While BAGL was a natural suitor, there is a chance that Barclays Zimbabwe could get another buyer in the form of a regional or even a multinational bank. This could be a plus for the bank in as far as maintaining its safe haven status is concerned, given the volatility of the local banking sector and client views of indigenous banks.
Barclays Plc, which owns 68 percent of Barclays Bank Zimbabwe Limited through an investment vehicle, Afcarme Zimbabwe, last month announced its planned exit from Africa as it seeks to focus on the British and American markets.
The move could see Barclays ending its 104-year history in Zimbabwe, where it has run the second oldest bank after fellow British bank Standard Chartered.
With rumours of former Barclays Plc chief executive officer, Bob Diamond, eyeing the African empire and possible renewed interest by Barclays Africa to buy Zimbabwean operations, Guvamatanga said it was too early to tell what effect the intention to sell from Barclays Plc would have on the bank.
“As for now nothing has changed, we still remain Barclays Zimbabwe. That is the reality; we still remain committed to serving our clients… It is too early to tell what effect the intention to sell from Barclays Plc will have on the bank and it largely depends on who will eventually takeover,” he told the Financial Gazette’s Companies and Markets (C&M).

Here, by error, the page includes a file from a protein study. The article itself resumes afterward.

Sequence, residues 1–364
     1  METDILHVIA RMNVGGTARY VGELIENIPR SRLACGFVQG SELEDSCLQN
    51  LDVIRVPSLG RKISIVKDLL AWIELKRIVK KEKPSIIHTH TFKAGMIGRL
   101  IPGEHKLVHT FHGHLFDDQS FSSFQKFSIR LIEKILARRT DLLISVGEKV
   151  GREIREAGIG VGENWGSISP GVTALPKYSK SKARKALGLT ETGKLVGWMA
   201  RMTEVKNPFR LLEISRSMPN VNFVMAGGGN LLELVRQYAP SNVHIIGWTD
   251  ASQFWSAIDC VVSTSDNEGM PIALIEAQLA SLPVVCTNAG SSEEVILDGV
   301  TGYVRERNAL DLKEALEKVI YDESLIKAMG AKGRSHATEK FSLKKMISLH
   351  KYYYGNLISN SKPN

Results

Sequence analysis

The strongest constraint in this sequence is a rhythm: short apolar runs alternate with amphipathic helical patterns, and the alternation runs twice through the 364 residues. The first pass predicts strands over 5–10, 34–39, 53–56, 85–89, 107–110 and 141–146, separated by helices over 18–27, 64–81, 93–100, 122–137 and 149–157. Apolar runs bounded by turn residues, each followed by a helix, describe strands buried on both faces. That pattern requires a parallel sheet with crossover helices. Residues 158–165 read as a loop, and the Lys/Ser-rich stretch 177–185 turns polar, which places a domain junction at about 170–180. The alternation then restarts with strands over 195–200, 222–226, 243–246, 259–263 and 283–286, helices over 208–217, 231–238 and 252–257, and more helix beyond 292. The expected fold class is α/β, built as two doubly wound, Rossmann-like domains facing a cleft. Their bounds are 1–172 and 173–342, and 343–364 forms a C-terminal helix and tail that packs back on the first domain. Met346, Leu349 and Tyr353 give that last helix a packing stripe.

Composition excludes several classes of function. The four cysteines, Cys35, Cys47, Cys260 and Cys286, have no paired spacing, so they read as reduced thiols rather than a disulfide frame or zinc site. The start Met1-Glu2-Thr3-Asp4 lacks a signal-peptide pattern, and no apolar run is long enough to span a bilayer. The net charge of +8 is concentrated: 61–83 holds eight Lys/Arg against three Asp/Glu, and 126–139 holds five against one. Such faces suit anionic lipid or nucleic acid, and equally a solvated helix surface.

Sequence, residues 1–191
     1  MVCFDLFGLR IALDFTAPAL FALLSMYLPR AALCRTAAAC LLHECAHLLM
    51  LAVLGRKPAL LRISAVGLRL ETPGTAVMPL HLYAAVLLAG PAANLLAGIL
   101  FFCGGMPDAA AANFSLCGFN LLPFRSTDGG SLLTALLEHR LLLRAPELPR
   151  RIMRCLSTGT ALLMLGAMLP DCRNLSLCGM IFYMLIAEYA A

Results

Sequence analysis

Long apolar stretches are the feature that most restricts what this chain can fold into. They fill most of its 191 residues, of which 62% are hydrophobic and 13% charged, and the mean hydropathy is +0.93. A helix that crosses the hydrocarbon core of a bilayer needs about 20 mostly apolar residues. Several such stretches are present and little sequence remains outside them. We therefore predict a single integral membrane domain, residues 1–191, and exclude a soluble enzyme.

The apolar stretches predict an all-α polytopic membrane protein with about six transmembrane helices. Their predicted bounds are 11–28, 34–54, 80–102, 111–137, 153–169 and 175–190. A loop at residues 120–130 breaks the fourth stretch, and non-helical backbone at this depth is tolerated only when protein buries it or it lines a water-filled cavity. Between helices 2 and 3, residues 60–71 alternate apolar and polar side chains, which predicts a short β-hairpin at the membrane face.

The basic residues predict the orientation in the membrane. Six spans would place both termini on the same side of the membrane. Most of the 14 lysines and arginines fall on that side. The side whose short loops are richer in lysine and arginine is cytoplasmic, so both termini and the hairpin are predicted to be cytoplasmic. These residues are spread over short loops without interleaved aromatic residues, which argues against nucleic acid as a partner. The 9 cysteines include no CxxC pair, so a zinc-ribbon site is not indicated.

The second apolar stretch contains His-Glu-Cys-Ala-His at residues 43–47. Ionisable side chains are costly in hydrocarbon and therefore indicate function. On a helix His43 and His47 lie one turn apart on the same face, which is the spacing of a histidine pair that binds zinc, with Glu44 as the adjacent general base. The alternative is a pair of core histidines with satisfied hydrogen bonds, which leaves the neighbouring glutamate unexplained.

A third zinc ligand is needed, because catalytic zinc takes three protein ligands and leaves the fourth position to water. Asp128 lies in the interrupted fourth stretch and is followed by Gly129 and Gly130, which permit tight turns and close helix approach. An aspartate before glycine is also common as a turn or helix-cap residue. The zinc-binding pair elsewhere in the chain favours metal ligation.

Barclays Zimbabwe and Egypt were left out when Barclays Plc intergrated its businesses in Africa after the takeover of ABSA in South Africa. Egypt was omitted due to the political unrest then while Zimbabwe was omitted due to uncertainty over the indigenisation regulations.
Barclays’ assets in Africa include a 62,3 percent in Barclays Africa, which has operations in 11 African countries as well as direct subsidiaries in Zimbabwe and Egypt.
A bid by Barclays Africa to buy the Zimbabwean and Egyptian banks from Barclays Plc failed last year after the parties could not agree on a price.
Insiders say since Barclays Africa’s negotiations to buy Barclays Zimbabwe failed due to valuation issues, the likelihood of renegotiating look slim, though it could not be totally ruled out.
“If Barclays Africa is willing to pay the right price they will most likely get it. Even if Barclays Africa does not buy, the bank still remains attractive to any potential suitor given the quality of the loan book and extensive branch network,” an official told C&M.
Reports last week said former Barclays Plc chief executive officer, Bob Diamond, was approaching investors to back a takeover bid for Barclays’ African business.